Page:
Baker’s $39.6B Budget Invests In Education And Opioid Abuse
Massachusetts Governor Charlie Baker outlined his budget this afternoon, focusing on education and combating opioid abuse while seeking to close a state deficit.
Marking a 3.5 percent increase over the fiscal 2016 budget, Baker’s $39.6 billion plan includes a $72 million increase in Chapter 70 K through 12 education funding while also supporting the Republican’s desire to expand the charter school cap.
“This budget backs up our commitment with a significant financial one,” Baker said. “We’ve dedicated over $100 million to fund charter school contributions to local school districts that have charter schools. That’s an increase of $20.5 million over fiscal ’16. In fiscal ’17 under our proposal all districts whose charter school tuitions payments are higher than they were in fiscal ’16 will receive a 100 percent reimbursement for that increase.”
Baker says the charter school funding formula is an attempt by the administration to acknowledge it is a debate that needs to be had with the legislature. Democratic Representative Smitty Pignatelli of Lenox, who sits on the Legislature’s Joint Committee on Ways and Means, says at the end of the day it comes down to financing.
“The financing impact on local schools is really negative,” Pignatelli said. “If we could fix the financing so that a losing school district of a child going to a charter school is not a big hit financially to that community or school district I think there’s some wiggle room where we can accommodate these things. But, the current law is not good. It’s cost negative to the communities and school districts.”
Governor Baker is proposing to increase funding for the Department of Children and Families by $30 million, allowing for more than 280 new hires to get the social worker caseload ratio down to 18 to 1. If included, some 600 staff will have been added to DCF since Baker came into office in January 2015.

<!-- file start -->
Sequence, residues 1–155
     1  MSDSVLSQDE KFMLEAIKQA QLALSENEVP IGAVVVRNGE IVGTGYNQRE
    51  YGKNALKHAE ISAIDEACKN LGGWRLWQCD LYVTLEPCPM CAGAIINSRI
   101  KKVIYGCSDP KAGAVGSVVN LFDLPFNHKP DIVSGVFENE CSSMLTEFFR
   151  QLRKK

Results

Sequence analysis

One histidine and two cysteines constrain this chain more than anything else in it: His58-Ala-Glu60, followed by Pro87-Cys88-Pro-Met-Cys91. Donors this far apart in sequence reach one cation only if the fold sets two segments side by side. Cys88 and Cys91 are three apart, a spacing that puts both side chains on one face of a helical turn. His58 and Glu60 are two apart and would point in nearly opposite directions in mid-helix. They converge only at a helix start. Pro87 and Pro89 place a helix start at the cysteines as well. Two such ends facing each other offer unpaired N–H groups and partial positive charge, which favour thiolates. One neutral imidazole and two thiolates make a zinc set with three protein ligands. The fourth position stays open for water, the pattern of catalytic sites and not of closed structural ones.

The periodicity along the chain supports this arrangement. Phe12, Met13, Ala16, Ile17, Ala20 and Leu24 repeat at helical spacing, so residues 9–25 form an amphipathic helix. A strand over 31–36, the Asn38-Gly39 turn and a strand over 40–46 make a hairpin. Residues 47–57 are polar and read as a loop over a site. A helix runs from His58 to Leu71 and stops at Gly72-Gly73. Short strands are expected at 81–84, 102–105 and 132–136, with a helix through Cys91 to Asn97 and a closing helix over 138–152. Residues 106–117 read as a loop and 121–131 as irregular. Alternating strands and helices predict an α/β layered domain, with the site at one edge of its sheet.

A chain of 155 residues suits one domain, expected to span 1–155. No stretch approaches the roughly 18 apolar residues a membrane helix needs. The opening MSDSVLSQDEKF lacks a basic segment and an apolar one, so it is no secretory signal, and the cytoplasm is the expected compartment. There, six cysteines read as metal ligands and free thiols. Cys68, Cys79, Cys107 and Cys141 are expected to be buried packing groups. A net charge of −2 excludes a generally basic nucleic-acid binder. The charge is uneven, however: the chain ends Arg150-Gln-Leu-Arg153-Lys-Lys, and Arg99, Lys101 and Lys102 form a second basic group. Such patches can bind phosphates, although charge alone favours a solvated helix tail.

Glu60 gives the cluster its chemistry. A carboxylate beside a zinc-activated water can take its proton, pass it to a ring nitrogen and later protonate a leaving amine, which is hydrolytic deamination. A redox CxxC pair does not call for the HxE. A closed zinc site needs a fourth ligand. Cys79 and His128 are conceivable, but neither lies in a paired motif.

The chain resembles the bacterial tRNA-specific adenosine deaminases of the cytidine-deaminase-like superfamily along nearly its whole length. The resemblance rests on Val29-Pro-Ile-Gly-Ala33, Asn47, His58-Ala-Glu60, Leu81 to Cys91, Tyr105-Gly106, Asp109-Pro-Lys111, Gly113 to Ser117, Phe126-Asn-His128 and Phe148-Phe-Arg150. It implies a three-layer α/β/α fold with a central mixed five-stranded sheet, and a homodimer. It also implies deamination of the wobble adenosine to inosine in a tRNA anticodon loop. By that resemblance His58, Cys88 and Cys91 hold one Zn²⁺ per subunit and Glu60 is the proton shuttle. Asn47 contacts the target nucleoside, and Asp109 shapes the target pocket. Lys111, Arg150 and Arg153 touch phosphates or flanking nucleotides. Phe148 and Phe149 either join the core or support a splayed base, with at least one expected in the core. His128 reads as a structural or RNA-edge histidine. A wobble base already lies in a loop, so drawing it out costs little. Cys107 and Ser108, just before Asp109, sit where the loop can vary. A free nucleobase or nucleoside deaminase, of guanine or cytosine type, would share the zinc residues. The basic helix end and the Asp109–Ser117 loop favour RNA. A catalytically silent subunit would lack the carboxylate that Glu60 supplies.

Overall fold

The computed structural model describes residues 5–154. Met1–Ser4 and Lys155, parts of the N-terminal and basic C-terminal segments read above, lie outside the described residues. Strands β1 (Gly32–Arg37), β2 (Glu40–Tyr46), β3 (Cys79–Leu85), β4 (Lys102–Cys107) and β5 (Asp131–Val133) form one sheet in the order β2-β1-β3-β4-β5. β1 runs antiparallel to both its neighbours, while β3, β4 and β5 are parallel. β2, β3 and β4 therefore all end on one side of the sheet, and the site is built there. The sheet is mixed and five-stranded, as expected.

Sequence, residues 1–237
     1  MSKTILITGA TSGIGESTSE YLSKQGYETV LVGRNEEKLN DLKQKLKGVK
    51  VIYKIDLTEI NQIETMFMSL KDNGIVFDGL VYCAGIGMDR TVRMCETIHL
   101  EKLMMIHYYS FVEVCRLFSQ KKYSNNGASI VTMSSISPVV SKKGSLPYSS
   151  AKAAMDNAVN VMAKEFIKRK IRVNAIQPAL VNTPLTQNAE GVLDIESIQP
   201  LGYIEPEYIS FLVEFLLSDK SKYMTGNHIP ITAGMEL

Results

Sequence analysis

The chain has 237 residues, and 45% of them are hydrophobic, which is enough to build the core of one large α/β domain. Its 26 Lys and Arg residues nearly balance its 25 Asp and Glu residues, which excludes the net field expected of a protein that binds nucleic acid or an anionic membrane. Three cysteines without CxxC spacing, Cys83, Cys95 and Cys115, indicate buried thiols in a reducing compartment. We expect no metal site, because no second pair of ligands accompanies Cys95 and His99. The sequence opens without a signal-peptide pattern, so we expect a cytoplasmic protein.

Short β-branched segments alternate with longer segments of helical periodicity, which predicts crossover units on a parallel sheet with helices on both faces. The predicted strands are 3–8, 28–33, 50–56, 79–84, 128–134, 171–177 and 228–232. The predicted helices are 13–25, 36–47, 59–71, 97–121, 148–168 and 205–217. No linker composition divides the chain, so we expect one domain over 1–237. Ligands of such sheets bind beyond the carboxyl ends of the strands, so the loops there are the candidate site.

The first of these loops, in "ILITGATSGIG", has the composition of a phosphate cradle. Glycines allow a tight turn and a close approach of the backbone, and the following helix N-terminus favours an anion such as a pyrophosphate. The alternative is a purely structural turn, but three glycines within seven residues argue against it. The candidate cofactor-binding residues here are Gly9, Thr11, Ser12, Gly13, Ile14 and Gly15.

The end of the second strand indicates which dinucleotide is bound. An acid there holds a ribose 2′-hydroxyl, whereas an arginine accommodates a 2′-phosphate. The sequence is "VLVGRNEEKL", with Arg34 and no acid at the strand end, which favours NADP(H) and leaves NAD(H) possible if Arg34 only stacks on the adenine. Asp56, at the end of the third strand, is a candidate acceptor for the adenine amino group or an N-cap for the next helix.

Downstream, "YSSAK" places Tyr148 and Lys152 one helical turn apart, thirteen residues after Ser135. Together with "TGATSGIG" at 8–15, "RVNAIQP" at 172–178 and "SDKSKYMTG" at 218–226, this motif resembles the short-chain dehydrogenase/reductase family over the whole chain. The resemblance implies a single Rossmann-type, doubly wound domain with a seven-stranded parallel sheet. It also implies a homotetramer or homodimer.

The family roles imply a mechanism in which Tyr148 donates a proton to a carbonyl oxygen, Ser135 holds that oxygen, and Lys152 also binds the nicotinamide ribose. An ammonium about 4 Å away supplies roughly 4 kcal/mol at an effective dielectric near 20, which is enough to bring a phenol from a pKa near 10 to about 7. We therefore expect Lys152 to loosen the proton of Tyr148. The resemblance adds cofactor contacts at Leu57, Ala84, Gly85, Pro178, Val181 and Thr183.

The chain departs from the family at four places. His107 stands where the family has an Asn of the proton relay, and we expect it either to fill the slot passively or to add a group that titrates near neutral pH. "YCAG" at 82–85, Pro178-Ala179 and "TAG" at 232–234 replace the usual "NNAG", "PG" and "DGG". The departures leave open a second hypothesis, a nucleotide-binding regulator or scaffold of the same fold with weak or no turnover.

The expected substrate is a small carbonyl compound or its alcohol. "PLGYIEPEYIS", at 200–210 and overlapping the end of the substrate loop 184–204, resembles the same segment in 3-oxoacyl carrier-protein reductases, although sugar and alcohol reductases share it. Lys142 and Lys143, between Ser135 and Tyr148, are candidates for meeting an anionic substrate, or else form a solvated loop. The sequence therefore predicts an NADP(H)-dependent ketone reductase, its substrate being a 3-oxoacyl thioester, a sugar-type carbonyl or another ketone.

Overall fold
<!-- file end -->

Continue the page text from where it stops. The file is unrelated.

During his first State of the Commonwealth address last week, the governor said one of his top priorities was combating opioid abuse. All told, he says $140 million invested in the Department of Public Health will support prevention, treatment and recovery services.
“The budget also funds 2,150 adult residential recovery opioid treatment beds, which is 150 more beds than were funded in fiscal ’16,” Baker said. “We’ve also added $1.4 million through a variety of grants to local communities, the Attorney General, district attorneys and state police to battle drug dealing and go after traffickers in some of our major communities here in the commonwealth.”
Baker says the investments, including a 4.3 percent increase in local aid, can be completed without raising taxes or fees. The plan closes a $635 million deficit while reducing the use of nonrecurring revenue in a multi-year effort to shrink a structural deficit, according to Secretary of Administration and Finance Kristen Lepore. She says the budget relies on MassHealth savings, capital gains taxes and surplus land sales. MassHealth spending, which accounts for a third of the budget, would increase 5 percent. But, the Massachusetts Taxpayers Foundation says the fiscal 2017 budget deficit could reach $900 million, according to President Eileen McAnneny.
“Spending has outpaced revenue.” McAnneny said. “Our revenue growth has been healthy, about $1.1 billion year over year, but some needs and programs – particularly MassHealth – that growth is outpacing revenue growth.”
The Massachusetts Democratic Party called the governor’s proposal a barebones budget that does little to nothing to address income inequality or transportation infrastructure. The fiscal year starts July 1.